Austria coalition government to crack down on pollution, Muslims

austria coalition government
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The new coalition government of Austria will see a compromise between policies promoting climate action and those targeting young Muslims.

The Green party and the People’s Party of Austria have negotiated a coalition deal allowing them to form a joint government, following the breakdown of a previous coalition between the People’s Party and the far right Freedom Party after a corruption scandal involving Freedom Party MPs in May 2019. The coalition has released the full text of its partnership deal, which includes provisions banning girls from wearing headscarves in school until the age of 14; as well as a proposed initiative to take individuals believed to be ‘potentially dangerous’ into ‘preventive custody’ even if they have not committed a crime. Corporate tax rates will be cut; and families with children will receive a higher annual tax break.

Austrian girls are already subject to a headscarf ban in schools before the age of 10 through a policy implemented by the People’s Party-Freedom Party coalition; while the new measure on preventive custody was initially proposed while the coalition with the Freedom Party was in effect. Werner Kogler, leader of the left-leaning Green party, defended the party’s compromises on religious freedom and human rights, on the grounds saying: “The Greens have only this possibility to put into effect what they…were elected for.”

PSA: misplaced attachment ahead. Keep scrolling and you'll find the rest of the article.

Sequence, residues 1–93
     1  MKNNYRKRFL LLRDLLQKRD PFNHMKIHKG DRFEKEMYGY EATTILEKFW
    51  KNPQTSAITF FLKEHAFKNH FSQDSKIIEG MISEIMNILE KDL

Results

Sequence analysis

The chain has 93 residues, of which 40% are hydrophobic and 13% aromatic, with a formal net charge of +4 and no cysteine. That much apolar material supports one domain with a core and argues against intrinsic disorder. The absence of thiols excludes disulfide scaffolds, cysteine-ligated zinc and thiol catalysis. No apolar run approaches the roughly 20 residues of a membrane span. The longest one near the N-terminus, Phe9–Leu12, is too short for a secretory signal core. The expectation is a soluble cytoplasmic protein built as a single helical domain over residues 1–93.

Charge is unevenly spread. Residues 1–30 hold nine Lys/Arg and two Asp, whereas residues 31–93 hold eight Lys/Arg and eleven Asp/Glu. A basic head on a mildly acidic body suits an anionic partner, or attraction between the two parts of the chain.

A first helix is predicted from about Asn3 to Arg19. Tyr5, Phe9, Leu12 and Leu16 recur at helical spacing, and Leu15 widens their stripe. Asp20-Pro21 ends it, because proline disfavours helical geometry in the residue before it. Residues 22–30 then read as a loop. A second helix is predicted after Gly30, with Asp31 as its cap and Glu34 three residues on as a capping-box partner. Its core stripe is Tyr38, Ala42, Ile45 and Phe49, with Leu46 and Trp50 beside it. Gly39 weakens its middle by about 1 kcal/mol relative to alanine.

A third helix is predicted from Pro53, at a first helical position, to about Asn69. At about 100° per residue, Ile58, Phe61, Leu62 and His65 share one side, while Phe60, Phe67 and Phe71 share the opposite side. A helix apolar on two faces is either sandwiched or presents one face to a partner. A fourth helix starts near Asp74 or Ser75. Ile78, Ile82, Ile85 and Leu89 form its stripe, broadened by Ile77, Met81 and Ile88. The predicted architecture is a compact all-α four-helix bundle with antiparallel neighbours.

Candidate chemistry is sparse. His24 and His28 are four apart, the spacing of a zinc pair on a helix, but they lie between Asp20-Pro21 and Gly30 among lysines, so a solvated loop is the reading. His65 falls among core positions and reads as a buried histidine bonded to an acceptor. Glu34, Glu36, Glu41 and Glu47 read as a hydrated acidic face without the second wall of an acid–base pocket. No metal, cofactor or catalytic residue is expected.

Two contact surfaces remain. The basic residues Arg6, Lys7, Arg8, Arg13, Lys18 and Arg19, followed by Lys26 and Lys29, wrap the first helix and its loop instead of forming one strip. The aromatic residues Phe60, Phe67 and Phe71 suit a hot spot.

Despite the party’s status as the coalition’s junior partner, the Greens have negotiated a series of measures promoting sustainability and climate action as part of their debut in government. The coalition has announced its commitment to making Austria fully carbon neutral by 2040 and to draw 100% of the country’s electricity from renewable sources by 2030. The coalition has pledged €1bn for improvements to Austria’s public transport networks, with particular focus on expanding services in urban regions; and a further €1bn to ensure public transport is made available across the country, particularly in rural areas. The current system of implementing flexible taxation rates on international flights will by replaced by a flat rate; and heavy duty vehicles which produce high levels of emissions will be subject to increased road tolls.

People’s Party chairman and incoming Chancellor of Austria Sebastian Kurz told attendees at the launch event for the coalition’s deal: “We have very intentionally united the best of both worlds…it is possible for the Greens to keep their main campaign pledges and for us [to do the same].”


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